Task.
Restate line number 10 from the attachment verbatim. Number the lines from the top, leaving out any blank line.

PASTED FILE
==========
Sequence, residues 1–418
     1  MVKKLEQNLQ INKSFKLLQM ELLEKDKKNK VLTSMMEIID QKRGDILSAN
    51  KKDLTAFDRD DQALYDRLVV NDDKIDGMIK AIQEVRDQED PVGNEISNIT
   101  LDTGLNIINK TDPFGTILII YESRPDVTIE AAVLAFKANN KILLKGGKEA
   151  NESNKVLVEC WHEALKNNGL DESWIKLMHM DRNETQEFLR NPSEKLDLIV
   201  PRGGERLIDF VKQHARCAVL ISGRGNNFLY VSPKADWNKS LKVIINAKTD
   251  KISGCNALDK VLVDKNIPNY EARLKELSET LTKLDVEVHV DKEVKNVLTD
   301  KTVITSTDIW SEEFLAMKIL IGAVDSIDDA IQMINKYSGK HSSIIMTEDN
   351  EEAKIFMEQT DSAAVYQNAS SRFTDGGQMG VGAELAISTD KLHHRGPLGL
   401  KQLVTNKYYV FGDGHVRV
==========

   401  KQLVTNKYYV FGDGHVRV